23 April 2020
My thanks to Midas PR for the opportunity to listen to this audio book
Taking listeners on a journey from Aysgarth Falls to the Great Barrier Reef, Animal Societies explores the intimate worlds of social animals, demonstrating how studying their social behaviour provides insights to the development of such things as empathy, altruism, leadership and language. It’s clear that animals are not so far removed from us as we might imagine
In a time where humans are struggling to navigate cityscapes, isolation and a loneliness epidemic, Ward shows us that studying the social behaviour of animals offers a window into the evolutionary basis of our own species.
What did I think about it..
Animal Societies is a well described journey through the animal kingdom which is brought to life by the skill and passion of the author, who, by narrating his own work, brings his specific expertise in the study of animal behaviour to enhance the overall effect of the book. Whilst the narration is about the partnership of animals with nature, and their reliance on the natural world for survival and social grouping, it's also about the simple joy of enjoying the natural world in all its glorious splendour.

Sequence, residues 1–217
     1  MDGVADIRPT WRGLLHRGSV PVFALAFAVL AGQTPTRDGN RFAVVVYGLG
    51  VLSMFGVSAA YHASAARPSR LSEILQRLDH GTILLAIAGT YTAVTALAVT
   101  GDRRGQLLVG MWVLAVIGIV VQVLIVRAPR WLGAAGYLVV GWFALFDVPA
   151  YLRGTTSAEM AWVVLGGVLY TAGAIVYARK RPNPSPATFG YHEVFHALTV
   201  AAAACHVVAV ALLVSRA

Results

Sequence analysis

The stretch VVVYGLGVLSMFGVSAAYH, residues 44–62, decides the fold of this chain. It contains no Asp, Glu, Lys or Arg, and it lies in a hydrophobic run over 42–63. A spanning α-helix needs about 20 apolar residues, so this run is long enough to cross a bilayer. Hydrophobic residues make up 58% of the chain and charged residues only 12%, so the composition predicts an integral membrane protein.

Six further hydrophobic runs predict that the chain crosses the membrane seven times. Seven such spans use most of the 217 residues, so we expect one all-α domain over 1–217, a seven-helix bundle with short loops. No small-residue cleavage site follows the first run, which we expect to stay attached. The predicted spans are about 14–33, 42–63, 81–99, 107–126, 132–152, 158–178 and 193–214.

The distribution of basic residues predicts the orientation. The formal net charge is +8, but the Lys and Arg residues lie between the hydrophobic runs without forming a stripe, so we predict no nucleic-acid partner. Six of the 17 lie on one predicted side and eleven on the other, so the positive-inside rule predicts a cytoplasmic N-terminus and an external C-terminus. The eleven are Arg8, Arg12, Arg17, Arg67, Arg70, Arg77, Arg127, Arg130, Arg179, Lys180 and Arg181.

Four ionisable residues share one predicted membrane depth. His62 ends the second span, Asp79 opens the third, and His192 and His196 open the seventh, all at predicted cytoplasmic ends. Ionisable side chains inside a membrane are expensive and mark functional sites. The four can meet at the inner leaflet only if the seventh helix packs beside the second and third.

This detailed look at how all the different groups of animals go about their complex lives is thoroughly explained by an expert which brings a specific authenticity to the narration, and everything is explained in an easy to understand manner. The book is stacked full of facts, with much to consider and learn about animal behaviour, however, I never had the feeling that I was sitting in a lecture, rather more that I was listening to an interesting talk with the author. I especially enjoyed the occasional sound effects which added a nice touch and broke up the narration in a good way.
I've enjoyed listening to Animal Societies and thanks to the interesting topic and the skill of the narrator the 13 hours and 36 minutes of the book passed by very quickly.
About the Author
Ashley Ward is Professor of Animal Behaviour at the University of Sydney and has travelled extensively for his research all over the world – studying lions and elephants in Kenya, whales in the Azores and Tonga, crows in Iceland and Nevada, and fish in Lincolnshire.